EFSF
An alternative backstop is the European Financial Stability Facility (EFSF). At the Euro Summit on 26 October it was agreed to leverage the EFSF, which is likely to increase its actual lending capacity four or fivefold to around 1-1.2 trillion. However, details for the two models for leveraging the EFSF are lacking and so far they havent attracted much investor interest. In the current market the incentives provided to investors are likely to prove too small for the models to work. Recently, we have even witnessed the EFSFs own bond auctions themselves becoming less successful and EFSF bond spreads widening.

Eurobonds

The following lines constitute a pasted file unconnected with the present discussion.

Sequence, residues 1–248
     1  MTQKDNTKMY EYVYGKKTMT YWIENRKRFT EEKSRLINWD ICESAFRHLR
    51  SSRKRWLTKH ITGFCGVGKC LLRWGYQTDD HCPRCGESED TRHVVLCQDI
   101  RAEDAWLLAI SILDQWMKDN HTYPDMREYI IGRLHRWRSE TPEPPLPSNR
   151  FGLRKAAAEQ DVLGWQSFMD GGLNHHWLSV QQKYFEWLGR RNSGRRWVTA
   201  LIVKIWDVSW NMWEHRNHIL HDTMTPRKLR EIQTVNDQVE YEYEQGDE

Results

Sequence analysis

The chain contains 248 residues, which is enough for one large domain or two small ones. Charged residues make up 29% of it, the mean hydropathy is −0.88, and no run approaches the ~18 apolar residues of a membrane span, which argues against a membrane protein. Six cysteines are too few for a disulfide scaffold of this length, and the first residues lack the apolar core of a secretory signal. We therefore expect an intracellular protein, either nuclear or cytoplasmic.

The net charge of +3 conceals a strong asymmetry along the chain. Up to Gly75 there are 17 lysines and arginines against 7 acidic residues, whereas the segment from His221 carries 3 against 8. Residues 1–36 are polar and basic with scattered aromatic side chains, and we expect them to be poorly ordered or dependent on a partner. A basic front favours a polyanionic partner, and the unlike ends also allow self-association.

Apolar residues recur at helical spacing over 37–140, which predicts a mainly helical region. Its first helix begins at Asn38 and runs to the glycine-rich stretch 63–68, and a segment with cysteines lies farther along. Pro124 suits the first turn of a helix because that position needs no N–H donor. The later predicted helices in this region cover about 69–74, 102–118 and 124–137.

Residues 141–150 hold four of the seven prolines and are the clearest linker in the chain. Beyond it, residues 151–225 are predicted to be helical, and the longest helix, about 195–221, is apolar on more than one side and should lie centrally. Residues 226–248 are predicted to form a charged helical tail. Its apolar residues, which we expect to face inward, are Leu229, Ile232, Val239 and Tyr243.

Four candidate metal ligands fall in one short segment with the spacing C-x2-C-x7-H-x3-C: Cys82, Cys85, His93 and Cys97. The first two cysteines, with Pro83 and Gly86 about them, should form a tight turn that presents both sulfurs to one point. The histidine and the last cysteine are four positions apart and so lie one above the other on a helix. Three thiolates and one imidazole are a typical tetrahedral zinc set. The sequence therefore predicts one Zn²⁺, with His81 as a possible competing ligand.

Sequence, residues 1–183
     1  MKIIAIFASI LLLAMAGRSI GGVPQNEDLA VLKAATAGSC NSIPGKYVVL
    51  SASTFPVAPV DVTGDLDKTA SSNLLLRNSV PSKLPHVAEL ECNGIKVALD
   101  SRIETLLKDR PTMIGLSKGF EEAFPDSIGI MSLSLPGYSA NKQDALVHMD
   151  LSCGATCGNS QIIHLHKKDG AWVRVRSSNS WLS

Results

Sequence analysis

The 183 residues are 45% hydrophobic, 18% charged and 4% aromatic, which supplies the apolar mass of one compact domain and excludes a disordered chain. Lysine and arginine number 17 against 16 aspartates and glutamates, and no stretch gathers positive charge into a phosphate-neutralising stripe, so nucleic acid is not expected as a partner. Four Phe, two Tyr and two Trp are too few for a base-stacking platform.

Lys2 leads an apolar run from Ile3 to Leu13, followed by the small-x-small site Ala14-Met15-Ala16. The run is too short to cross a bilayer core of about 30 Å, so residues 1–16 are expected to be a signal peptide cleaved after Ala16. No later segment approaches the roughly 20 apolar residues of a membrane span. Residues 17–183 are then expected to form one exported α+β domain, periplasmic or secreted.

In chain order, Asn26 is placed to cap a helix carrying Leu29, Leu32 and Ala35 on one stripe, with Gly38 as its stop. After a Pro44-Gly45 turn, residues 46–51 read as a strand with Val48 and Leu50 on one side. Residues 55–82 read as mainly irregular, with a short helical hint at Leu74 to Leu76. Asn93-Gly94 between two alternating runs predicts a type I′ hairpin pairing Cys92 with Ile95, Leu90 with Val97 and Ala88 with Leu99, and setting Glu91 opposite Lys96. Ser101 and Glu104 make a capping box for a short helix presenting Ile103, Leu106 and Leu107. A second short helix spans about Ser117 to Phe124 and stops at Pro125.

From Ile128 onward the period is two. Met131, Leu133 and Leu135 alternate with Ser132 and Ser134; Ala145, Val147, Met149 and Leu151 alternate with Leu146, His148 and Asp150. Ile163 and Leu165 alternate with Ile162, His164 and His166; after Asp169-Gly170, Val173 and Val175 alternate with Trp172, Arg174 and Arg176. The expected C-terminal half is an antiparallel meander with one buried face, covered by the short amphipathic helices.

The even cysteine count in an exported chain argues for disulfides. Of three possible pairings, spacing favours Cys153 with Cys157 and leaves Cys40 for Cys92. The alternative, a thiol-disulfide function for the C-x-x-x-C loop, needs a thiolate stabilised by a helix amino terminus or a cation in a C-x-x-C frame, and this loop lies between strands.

Another alternative is Eurobonds. The European Commission will present its proposals for Eurobonds on Wednesday. The paper includes three options. The most ambitious is to convert all euro area government bonds to Eurobonds with collective guarantees. The second most ambitious would allow governments to raise funds up to a ceiling, e.g. up to 40% of GDP, using Eurobonds. Beyond that, countries would again have to issue their own sovereign bonds. The least ambitious model is to have Eurobonds up to a ceiling backed by limited guarantees from the 17 euro area member states. The European Commission concludes that the least ambitious model will not demand treaty changes. If guarantees are very limited the last option is unlikely to be a solution to the debt crisis. According to the Wall Street Journal the European Commissions paper says that the quality of the bonds issued under option three could be further improved by providing collateral, such as cash or gold reserves, or earmarking tax revenues. In our opinion, the second model has the most attractive features. It would create an attractive Eurobond market and it would provide periphery countries with a window of a couple of years to fix their public finances before they have to return to the market, but incentives for reform would remain intact as they would eventually have to return to issuing national government bonds. But for now, Eurobonds face German resistance and will probably not be deployable as quickly as is needed to combat the current debt crisis.